Based on our review above, the epidemiologic data reflects the cultural and environmental characteristics of the region. Even in the same country and the same environment, there are differences in epidemiologic results according to the time period and region. Inter-country differences are also affected by their differing medical systems and related laws. When we interpret the global epidemiologic data, we must carefully consider these factors.
In the review on TBI epidemiology by Theadom et al. [18], the authors commented on several considerations in the interpretation of epidemiologic data. First, the definition of TBI varies and is a matter of debate. Second, underreporting of the total number of people with TBI may be substantial. Third, epidemiologic monitoring of TBI is very seldom performed in a standardized way. Fourth, when data are collected, there is a chance to have coding errors due to different disease code classifications. Fifth, incidence rates of TBI do not always reflect prior occurrence or recurrence of TBIs. It is important to incorporate these considerations when reviewing and analyzing epidemiologic data. We also sensed the need to develop a database of neurosurgeon-led, multicenter, cooperative hospital-based registries, because improved standardization of epidemiologic data would enable more accurate comparisons and analysis.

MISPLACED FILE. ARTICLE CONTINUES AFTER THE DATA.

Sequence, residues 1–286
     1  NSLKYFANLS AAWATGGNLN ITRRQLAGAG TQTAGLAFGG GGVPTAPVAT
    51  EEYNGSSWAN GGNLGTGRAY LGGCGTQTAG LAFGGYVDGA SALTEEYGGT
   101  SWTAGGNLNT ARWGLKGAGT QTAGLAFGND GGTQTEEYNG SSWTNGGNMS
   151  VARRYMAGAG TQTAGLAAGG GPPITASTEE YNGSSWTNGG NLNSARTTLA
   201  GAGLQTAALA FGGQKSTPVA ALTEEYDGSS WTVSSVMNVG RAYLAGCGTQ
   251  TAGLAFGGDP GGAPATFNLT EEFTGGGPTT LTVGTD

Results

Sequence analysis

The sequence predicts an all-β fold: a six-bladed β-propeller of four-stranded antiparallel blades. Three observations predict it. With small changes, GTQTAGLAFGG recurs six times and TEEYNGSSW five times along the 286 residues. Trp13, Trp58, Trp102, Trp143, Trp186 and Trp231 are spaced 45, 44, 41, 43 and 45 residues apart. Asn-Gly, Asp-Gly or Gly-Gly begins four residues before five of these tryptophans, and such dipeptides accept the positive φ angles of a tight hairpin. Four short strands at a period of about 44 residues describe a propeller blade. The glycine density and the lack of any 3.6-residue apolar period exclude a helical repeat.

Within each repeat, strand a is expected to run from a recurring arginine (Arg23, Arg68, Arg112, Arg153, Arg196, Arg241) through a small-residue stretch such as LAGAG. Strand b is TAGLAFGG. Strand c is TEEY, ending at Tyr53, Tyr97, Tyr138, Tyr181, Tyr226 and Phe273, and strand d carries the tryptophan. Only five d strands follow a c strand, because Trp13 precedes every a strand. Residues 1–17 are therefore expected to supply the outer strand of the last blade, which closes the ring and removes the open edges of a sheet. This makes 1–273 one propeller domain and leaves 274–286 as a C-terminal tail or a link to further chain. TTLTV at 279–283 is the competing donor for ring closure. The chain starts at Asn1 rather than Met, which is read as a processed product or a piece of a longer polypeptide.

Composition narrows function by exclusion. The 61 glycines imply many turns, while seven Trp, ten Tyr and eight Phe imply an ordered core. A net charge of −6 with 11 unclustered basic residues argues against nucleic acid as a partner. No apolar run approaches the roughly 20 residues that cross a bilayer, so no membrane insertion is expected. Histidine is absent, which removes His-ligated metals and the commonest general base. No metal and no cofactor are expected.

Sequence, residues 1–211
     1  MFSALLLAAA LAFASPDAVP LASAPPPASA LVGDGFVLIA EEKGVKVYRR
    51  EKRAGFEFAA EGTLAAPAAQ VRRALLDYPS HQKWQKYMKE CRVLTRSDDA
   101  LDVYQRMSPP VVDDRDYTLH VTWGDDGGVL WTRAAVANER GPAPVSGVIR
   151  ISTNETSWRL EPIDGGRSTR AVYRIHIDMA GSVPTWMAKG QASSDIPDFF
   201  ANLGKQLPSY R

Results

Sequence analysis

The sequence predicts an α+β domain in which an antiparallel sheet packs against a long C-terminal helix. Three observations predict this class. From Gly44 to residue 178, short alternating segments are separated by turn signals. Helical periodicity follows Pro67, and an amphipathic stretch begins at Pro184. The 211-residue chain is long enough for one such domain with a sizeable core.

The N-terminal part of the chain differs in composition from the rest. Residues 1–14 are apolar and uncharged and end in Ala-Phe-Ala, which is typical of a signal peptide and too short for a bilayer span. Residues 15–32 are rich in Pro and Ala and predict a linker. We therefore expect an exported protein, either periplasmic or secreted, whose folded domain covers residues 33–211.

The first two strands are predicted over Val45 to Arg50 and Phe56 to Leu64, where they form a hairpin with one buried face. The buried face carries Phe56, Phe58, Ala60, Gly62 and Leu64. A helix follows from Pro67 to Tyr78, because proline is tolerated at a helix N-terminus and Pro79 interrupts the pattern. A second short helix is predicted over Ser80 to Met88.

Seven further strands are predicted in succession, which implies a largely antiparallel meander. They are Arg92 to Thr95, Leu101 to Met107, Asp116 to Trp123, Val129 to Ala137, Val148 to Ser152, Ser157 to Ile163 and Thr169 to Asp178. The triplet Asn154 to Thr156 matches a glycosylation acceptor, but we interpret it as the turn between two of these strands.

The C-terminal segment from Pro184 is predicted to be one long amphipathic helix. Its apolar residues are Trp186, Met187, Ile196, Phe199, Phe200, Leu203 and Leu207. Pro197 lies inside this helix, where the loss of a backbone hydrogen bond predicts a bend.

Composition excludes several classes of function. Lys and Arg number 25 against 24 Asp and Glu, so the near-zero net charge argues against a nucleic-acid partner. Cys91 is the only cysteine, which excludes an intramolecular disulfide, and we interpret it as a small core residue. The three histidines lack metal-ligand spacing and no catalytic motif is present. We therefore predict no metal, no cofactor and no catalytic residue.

In Korea, a short-term increase was observed in the TBI incidence from 2008 to 2010, followed by a continuous decrease in recent years. The youngest pediatric group (0-4 years old) showed a higher incidence than other pediatric groups (5-9 and 10-19 years old). The incidence rate decreased with increasing age. Falls were the most common injury in children under 5 years old causing TBI. MVC was a common injury in the entire pediatric age group. As age increased, injuries due to falls decreased, while MVC-related injuries increased. Pediatric TBI mortality showed a gradually decreasing trend. From 2012, the youngest children (0-4 years old) became the highest mortality group.